Tuesday, October 06, 2015
The Times of Malta 5 October 2015
Next Monday’s budget comes within a context of generally positive economic and financial trends for Malta. Nevertheless, there are challenges related to sustainability, good governance and social justice which should not be ignored.
A sustainability issue which deserves much attention relates to car traffic and pollution. Malta’s roads are increasingly gridlocked and emission controls are very poor. This has a plurality of negative impacts, such as on efficiency and people’s health. The introduction of proper enforcement measures and fiscal sanctions can help reduce the use of polluting junks on our roads. This should however be matched by concrete improvements in public transport.
Sustainability is also lacking when it comes to usage of renewable energy and as regards vacant properties.
With respect to the latter, Prime Minister Joseph Muscat recently hinted that measures can be introduced to regenerate dilapidated properties. I believe that the introduction of a good mix of fiscal incentives and disincentives can win support of both environmentalists and developers. Government can also increase expenditure on enforcement in construction sites.
Budget 2016 should also seriously tackle the lack of sustainability in Malta’s water policies. Given the free-for-all situation in the drilling for water through boreholes, ground water is likely to become more saline, meaning that Malta will likely increase dependency on costly reverse osmosis plants.
The more the government postpones this years-old problem, the more serious the problem will be for future administrations.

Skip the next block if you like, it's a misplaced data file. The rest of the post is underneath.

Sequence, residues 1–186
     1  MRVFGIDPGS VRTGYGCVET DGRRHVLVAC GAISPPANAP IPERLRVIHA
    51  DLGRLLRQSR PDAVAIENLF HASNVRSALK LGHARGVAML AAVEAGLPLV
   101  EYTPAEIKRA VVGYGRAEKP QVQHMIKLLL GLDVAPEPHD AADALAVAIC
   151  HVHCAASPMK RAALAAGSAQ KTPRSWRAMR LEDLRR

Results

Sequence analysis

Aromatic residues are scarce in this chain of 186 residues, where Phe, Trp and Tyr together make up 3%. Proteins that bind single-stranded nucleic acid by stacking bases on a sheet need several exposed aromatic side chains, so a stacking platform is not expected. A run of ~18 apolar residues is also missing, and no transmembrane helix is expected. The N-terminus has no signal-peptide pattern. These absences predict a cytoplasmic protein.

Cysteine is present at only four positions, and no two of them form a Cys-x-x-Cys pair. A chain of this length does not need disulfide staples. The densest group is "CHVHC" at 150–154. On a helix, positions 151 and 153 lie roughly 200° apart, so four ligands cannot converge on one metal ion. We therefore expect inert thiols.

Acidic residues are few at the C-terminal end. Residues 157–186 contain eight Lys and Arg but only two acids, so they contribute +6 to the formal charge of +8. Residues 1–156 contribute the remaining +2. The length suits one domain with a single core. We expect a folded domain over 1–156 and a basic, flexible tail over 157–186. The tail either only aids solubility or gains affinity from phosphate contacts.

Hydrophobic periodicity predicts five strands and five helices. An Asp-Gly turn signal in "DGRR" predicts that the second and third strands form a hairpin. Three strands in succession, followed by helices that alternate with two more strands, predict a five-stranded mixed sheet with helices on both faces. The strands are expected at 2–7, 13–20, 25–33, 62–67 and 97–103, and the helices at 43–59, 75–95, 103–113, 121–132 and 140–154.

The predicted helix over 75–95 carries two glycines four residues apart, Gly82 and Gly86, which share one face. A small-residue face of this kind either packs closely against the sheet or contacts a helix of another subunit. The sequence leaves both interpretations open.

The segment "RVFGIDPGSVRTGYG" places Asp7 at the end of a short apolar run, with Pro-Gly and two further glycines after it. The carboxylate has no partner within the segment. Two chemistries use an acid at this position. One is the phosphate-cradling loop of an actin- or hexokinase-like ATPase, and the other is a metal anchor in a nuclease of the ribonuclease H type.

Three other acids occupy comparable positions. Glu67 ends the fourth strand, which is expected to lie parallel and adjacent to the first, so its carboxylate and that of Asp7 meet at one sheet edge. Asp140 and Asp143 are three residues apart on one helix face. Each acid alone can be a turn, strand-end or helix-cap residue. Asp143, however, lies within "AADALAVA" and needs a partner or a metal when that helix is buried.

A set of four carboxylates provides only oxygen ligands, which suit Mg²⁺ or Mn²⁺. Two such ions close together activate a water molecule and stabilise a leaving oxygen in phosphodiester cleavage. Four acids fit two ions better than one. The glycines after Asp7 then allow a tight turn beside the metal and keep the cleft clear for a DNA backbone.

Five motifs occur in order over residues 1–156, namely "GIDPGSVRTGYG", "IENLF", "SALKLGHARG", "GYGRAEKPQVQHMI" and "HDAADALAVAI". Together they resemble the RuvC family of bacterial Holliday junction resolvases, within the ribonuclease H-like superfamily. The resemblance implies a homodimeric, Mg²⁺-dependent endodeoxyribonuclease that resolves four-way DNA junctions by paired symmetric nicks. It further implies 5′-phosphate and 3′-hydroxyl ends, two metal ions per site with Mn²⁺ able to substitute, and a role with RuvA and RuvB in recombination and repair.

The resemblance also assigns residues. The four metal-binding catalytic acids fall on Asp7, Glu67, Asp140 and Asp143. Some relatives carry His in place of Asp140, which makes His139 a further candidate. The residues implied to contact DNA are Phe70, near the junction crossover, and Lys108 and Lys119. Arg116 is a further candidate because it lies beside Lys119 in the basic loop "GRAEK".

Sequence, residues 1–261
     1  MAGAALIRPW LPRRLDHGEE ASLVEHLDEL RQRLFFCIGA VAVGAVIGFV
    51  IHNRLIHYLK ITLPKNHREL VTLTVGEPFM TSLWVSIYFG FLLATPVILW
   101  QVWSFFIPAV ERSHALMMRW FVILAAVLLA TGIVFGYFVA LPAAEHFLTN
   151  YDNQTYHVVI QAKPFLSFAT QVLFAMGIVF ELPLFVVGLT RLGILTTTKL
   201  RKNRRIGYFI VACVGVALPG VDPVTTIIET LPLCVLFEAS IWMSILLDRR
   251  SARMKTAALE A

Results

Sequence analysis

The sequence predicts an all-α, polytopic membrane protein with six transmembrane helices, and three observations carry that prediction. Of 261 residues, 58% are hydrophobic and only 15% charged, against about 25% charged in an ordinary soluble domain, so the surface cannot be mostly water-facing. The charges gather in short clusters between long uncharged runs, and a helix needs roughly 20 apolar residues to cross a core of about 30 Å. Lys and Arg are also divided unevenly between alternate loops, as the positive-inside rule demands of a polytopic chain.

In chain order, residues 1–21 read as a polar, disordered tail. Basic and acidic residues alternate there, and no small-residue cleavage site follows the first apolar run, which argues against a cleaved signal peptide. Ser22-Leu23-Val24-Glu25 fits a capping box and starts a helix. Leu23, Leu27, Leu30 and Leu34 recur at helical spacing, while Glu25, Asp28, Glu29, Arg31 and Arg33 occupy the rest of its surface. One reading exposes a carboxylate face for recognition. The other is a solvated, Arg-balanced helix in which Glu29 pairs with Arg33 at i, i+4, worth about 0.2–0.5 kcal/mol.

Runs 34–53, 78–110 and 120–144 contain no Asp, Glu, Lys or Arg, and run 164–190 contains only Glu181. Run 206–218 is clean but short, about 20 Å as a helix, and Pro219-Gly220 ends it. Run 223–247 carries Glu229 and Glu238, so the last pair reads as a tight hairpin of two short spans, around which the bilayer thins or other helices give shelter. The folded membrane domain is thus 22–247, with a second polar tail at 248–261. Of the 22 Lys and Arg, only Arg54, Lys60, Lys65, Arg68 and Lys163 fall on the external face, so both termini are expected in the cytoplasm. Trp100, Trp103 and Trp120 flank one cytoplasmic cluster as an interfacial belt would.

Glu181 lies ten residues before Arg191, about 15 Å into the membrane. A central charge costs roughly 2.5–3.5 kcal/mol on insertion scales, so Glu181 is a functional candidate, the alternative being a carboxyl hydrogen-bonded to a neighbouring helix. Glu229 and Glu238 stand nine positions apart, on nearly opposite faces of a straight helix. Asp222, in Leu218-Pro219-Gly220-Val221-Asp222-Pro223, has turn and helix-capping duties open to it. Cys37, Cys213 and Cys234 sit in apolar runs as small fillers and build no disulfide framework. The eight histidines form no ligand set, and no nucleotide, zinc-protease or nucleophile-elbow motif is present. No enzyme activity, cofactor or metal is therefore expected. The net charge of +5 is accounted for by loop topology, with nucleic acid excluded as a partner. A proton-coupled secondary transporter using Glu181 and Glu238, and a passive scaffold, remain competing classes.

Sustainability is also a major concern with respect to other issues such as pensions. As I had written some weeks ago in this newspaper, it is positive that government is discussing pension reform, yet it is disappointing that an immediate debate on the possibility of second pillar pensions is being ruled out.
Another aspect relates to governance concerns the cash-for-citizenship issue. In principle I oppose this discriminatory policy, but I still expect transparency and good governance on its implementation. I hope that Minister of Finance Edward Scicluna gives a detailed overview of its financial performance so far. This would enable a proper analysis as to whether the scheme is financing sustainable needs rather than political patronage.
Good governance can also be enhanced if Budget 2016 increases funds for local councils, most of which have pressing needs, such as maintenance of roads and pavements, which is terribly underfunded. Yet, in the longer term, Malta requires a discission on whether local councils should be given more fiscal powers to finance ever-growing needs. Malta is currently in a situation where government devolves responsibilities to councils without increasing their fiscal rights.
Finally, Budget 2016 should give due importance to social justice. Malta is performing positively in relation to economic growth, stability and unemployment rates, yet there are various pressing challenges especially concerning low-income earners.
Precarious employment seems to have disappeared from government’s discourse, yet it is still very much in place. Is MCESD discussing the issue?
Government has also ruled out an increase in the minimum wage, but is it taking account of the very low wages of workers including those who have notably high responsibilities? This includes, for example, those in the caring professions such as child carers, carers of the elderly and LSAs. Wage inadequacy is even more pronounced when workers are employed on a part-time basis against their wishes.
In previous budgets, the Labour government introduced commendable welfare-to-work schemes which encourage persons to enter employment without immediately losing their benefits. Economic and sociological analyses would be able to shed light on whether their implementation is effective.
With respect to government’s welfare philosophy that people in employment should be rewarded for their efforts, one has to keep in mind that there are many persons who cannot work for various reasons. This may include age, mental health, certain disabilities and caring responsibilities. Such persons should not be excluded from measures such as free childcare and should be entitled to benefits that guarantee a decent quality of life rather than hardship.